This is the card members get when they join a health plan. It helps doctors and other health care providers know what coverage a patient has. It shows the member's assigned plan number and plan contact information. Members should show the card at every health care visit.

Terms Description

Indemnity plan

This is a type of health plan. Members can get care from any licensed doctor or hospital. They get the same level of benefits no matter who they see. There is no network. The plan pays a percentage of each covered health care service. These plans often have deductibles, coinsurance and certain benefit maximums. This is also called a traditional plan.

Terms Description

Independent medical exam

This is needed to help decide on a disability claim. A doctor examines the person in question. This doctor has not treated the person before.

Terms Description

Independent practice association (IPA)

This is a group of doctors or other health care providers. They contract with one or more health plans to provide services. A member who sees a primary doctor in this group will be referred to specialists and hospitals in the same group. Members can go outside the group if the group can't handle their medical needs.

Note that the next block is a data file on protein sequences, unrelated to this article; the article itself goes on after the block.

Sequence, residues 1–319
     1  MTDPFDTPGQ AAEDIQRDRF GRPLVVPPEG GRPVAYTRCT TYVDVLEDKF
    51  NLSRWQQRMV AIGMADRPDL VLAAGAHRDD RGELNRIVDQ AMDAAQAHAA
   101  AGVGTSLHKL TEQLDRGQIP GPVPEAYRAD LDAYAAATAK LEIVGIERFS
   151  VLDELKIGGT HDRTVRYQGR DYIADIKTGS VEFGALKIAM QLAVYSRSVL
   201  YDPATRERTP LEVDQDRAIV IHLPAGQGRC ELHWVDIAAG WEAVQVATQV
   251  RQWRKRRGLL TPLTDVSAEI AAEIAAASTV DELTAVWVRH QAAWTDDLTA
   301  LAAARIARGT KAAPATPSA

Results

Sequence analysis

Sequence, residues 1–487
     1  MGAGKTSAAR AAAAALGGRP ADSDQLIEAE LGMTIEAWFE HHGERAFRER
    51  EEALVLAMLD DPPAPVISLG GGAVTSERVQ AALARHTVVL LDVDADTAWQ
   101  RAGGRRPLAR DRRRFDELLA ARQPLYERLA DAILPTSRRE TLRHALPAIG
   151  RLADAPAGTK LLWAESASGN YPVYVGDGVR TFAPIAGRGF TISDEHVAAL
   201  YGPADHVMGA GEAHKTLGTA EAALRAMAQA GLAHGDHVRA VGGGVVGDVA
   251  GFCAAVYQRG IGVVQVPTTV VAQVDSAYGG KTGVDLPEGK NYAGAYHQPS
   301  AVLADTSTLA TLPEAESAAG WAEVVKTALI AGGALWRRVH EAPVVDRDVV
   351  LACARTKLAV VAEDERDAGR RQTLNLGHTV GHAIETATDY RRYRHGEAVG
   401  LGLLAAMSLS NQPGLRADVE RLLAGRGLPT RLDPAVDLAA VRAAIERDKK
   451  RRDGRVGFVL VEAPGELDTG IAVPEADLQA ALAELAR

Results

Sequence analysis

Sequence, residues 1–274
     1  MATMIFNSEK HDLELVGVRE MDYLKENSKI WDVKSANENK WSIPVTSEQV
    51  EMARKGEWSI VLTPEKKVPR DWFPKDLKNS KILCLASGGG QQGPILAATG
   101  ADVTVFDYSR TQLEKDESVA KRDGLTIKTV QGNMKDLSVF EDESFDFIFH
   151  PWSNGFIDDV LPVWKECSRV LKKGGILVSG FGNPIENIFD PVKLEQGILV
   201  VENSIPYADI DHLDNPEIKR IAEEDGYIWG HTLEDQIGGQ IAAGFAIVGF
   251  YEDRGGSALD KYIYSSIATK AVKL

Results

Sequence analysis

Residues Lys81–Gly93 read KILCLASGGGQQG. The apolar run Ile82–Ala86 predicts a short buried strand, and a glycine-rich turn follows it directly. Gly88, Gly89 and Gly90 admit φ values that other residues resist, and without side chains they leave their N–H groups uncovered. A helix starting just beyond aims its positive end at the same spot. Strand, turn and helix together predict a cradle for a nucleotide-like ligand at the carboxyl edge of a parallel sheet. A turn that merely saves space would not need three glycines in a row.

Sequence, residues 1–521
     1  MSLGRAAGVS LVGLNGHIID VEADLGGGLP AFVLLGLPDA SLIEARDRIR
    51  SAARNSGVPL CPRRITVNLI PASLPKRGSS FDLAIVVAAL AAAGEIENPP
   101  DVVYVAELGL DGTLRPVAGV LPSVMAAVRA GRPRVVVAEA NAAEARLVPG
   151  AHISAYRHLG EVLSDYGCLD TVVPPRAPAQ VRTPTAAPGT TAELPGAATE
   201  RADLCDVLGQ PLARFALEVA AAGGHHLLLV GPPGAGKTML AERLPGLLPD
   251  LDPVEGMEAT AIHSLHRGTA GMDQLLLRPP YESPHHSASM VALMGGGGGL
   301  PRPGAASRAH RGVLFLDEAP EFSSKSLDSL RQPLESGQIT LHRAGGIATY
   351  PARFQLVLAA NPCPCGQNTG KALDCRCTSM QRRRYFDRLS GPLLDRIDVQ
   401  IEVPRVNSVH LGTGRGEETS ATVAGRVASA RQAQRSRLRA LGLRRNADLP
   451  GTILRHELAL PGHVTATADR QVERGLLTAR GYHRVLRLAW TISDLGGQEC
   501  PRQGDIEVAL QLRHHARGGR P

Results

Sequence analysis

Terms Description

Individual mandate

This is also known as penalty, fine or individual responsibility payment. Beginning in 2014, the Affordable Care Act requires that most people have health insurance for themselves and their dependents. Those that do not may have to pay a penalty. Some people will be exempt from the mandate or the penalty. Others may be given financial help to pay for health insurance.

Terms Description

Individual policy

This is a health plan bought by a person who cannot get benefits through a group plan. Self-employed people often have to buy this type of plan. So do people who cannot get health benefits from their employer or other group.

Terms Description

Individual retirement account (IRA)